Testosterone Resistance: Fighting for the Men’s Health Hormone

Malcolm Carruthers, MD

Publisher: Xlibris Pages: 164 Price: (paperback) $59.89 ISBN: 9781514449097 Reviewed: May, 2016 Author Website: Visit »

The medical community’s ongoing controversy regarding the misunderstood effects of testosterone on the health of older males is the subject of this detailed, well-explained book.

Malcolm Carruthers, a men’s health specialist and authority on testosterone deficiency, has a long list of published papers and medical roles in the field. Extensive research has led him to conclude that many men with serious medical conditions, including heart and circulatory disorders, obesity and diabetes, can benefit from testosterone replacement therapy (TRT). However, many medical professionals deny such treatments to men, based solely on blood tests that fail to show low testosterone. Carruthers has found that men whose testosterone levels measure as normal actually have testosterone resistance, comparable to insulin resistance in diabetics, and TRT can improve their health issues.

Over the years, testosterone therapy was suspected of leading to prostate cancer and heart disease. However, scientific evidence has since disproven those claims and Carruthers’ studies show TRT can safely and effectively improve men’s body strength, vitality and energy without harm.

The author targets both lay and professional readers with this book, and his information is well-organized and clearly presented. Charts, figures and a host of references enhance the data.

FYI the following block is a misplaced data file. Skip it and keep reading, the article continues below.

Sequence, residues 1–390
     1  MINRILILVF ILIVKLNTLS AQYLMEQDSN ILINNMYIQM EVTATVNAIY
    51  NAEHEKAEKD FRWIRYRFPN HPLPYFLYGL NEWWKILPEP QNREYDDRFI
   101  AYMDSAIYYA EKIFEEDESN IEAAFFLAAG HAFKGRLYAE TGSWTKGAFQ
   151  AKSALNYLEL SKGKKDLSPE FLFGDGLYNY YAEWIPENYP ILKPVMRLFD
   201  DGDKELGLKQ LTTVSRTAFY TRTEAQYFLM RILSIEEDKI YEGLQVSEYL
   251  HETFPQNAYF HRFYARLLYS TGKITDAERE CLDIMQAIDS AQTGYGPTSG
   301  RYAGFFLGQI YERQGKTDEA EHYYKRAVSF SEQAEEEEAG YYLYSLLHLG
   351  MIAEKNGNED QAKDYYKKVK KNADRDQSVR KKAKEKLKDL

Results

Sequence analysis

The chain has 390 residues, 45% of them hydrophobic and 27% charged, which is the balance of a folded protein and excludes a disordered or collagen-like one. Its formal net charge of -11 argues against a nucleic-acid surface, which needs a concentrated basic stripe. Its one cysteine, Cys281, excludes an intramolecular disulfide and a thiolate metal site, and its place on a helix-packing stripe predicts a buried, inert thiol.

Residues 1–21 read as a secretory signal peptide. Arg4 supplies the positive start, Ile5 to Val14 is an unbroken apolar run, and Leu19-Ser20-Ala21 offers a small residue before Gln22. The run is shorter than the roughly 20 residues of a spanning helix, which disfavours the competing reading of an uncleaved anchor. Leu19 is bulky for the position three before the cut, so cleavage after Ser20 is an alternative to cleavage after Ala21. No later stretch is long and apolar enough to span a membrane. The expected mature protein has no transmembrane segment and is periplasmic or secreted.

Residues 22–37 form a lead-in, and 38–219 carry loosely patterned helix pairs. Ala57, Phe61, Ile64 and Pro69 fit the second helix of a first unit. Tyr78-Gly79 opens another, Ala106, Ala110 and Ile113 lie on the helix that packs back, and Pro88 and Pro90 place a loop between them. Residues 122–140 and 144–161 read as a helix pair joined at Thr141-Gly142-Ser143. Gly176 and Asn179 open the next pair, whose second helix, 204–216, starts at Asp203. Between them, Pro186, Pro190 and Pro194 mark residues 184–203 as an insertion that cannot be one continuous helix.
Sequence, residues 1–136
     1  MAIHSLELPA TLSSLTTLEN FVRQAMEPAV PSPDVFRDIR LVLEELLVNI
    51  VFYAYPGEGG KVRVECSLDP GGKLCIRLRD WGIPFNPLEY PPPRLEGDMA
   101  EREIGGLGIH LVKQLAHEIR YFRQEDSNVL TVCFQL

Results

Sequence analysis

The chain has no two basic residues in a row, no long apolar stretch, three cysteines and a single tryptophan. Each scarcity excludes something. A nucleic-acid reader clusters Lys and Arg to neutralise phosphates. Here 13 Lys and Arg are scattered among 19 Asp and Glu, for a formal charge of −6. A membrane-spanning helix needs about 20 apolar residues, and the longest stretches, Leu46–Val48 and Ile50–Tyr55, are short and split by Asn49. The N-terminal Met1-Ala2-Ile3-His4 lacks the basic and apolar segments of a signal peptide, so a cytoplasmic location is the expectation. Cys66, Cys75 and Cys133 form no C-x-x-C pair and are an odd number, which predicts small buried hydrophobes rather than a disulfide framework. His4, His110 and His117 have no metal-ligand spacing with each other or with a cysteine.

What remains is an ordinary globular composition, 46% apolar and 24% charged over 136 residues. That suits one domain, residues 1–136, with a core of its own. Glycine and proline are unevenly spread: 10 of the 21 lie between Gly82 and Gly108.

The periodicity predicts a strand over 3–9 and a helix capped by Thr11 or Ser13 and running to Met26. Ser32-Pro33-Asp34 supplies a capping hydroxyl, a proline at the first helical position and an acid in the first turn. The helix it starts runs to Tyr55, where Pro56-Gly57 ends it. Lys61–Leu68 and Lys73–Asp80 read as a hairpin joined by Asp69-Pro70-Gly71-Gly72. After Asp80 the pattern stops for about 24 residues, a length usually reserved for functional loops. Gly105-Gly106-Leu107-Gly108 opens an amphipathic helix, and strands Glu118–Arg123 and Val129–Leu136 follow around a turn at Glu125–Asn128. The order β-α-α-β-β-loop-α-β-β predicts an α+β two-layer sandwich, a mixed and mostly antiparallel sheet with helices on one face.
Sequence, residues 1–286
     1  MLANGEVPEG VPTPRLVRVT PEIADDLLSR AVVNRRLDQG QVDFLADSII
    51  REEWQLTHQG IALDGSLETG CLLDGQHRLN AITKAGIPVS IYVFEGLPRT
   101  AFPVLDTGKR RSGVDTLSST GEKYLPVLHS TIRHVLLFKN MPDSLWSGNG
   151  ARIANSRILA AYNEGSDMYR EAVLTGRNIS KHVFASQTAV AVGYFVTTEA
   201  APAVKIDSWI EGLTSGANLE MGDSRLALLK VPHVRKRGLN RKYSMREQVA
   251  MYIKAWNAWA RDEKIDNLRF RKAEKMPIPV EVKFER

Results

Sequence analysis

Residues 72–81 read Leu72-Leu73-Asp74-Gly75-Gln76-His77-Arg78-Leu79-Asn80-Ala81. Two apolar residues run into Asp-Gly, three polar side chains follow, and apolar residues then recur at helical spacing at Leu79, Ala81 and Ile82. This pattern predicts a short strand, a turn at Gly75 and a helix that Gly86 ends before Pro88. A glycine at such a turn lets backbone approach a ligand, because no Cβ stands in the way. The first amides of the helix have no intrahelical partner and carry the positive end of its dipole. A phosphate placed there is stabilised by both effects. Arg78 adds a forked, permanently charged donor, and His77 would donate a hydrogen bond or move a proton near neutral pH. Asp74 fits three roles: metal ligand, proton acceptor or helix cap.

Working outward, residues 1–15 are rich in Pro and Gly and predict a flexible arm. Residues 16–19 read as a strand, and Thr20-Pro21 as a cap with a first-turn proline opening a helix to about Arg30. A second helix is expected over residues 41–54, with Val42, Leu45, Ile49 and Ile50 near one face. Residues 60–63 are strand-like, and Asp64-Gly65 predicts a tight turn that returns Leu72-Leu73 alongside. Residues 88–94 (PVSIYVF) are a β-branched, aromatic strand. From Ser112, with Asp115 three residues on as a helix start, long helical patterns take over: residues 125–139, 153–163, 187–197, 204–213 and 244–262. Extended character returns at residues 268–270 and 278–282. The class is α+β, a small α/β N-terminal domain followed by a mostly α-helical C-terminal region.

At times, the discussion can be highly academic, which the author recognizes can be tough-going for lay readers. At the start of Chapter Three, which presents full medical evidence for testosterone resistance, the author says the chapter “can be skipped if the reader is willing to accept that there is plenty of scientific evidence. . .”

Despite the largely serious approach, Carruthers occasionally offers a snarky remark regarding TRT naysayers; for example, “They resemble the regenerating life of vampires, who have to be nailed to the ground with a crucifix of a definitive rebuttal in a leading journal article.”

Overall, this is an informative, well-documented book that sheds fresh light on TRT. Despite the technical passages mentioned, it is likely to attract the interest of physicians and patients alike.

Also available in hardcover.

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